After thousands of years, dormant Davidof Volcano in the Aleutians might be waking up

green island in the sea
Davidof volcano with Segula in the distance on May 25, 2021. (Hannah Dietterich, Alaska Volcano Observatory)

The three Aleutian volcanoes that have been erupting simultaneously in recent months could be joined by a fourth. Davidof Volcano in the Western Aleutians has remained inactive for thousands of years. But a series of earthquakes measured around the dormant volcano has some researchers wondering if Davidof is waking up.

The remnant of an ancient caldera, Davidof rises over 1,000 feet out of the Bering Sea. It’s located in the Rat Islands in the far Western Aleutians, nearly 200 miles west of Adak — so far west that it’s in the Eastern Hemisphere.

The volcano hasn’t been active at least since the time Russian explorers started keeping records in 1760. Researchers say it has likely remained dormant for much longer than that, perhaps as long as 10,000 years.

But a swarm of earthquakes shook the area beginning Dec. 7, and that has researchers keeping a close watch.

A steep, conical hill with cliffs at its base.
Davidof rises over 1,000 feet out of the Bering Sea. It’s located in the Rat Islands in the far Western Aleutians, nearly 200 miles west of Adak. (Matt Loewen/Alaska Volcano Observatory)

Matthew Haney is a geophysicist with the Alaska Volcano Observatory in Anchorage. He said that even though Davidof is not considered historically active, “the process of subduction that leads to volcanoes along the Aleutian Arc hasn’t stopped,” and “the possibility remains for there to be activity.”

He says the earthquakes increased in magnitude over the week, which could suggest the earthquakes weren’t caused by tectonic shifts, but rather by magma flowing beneath the volcano.

“With tectonic earthquakes, typically the first one is the largest one, and then there’s a bunch of aftershocks afterwards. So I think this one caught our attention last week because the largest earthquake was not the first one,” Haney said. “So that is something that catches our attention that’s more like a volcanic earthquake sequence.”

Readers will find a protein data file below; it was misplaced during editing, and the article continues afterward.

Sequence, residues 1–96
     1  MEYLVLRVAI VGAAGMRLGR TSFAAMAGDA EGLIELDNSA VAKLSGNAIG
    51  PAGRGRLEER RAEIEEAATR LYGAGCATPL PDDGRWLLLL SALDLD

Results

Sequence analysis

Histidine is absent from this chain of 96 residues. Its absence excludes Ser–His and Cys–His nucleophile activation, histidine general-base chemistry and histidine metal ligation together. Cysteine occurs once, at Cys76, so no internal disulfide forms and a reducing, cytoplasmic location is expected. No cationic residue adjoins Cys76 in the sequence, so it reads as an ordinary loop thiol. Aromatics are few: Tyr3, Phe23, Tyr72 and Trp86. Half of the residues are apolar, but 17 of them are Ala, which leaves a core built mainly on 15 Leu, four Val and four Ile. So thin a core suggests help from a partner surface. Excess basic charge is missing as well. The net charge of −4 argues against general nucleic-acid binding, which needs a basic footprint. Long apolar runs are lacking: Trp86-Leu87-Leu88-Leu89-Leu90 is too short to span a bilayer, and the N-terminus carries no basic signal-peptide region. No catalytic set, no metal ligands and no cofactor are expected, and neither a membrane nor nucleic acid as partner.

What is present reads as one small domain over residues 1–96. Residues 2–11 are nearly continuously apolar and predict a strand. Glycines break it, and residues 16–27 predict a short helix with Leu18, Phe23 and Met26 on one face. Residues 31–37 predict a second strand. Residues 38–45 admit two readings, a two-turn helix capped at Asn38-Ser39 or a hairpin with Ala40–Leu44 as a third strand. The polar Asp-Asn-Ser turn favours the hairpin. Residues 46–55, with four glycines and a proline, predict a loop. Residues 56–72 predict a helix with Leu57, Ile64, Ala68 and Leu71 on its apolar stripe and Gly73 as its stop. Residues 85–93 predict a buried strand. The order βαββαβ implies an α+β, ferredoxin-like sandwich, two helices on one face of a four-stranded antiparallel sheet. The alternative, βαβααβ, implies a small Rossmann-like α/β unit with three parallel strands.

Davidof is too remote to threaten any communities, but Haney says it could pose a hazard to airline traffic. AVO raised the warning level at Davidof to yellow last Friday due to that possibility.

Haney says that in 2008, a similar string of earthquakes hit an area east of Adak around Kasatochi Volcano.

“A similar question arose: are these earthquakes that we’re measuring tectonic or volcanic? And in that case, the earthquake activity intensified and the volcano ultimately erupted in 2008 in a large eruption,” Haney said.

The earthquakes around Davidof continued through the weekend, but they don’t seem to be intensifying.

Still, Haney says, AVO’s team will be keeping a close watch from their vantage point 1,200 miles away.

Previous articleThe lack of law enforcement in rural Alaska prompted promises of more police. Two years later, they haven’t been kept.
Next articleA tantalizing clue to why omicron is spreading so quickly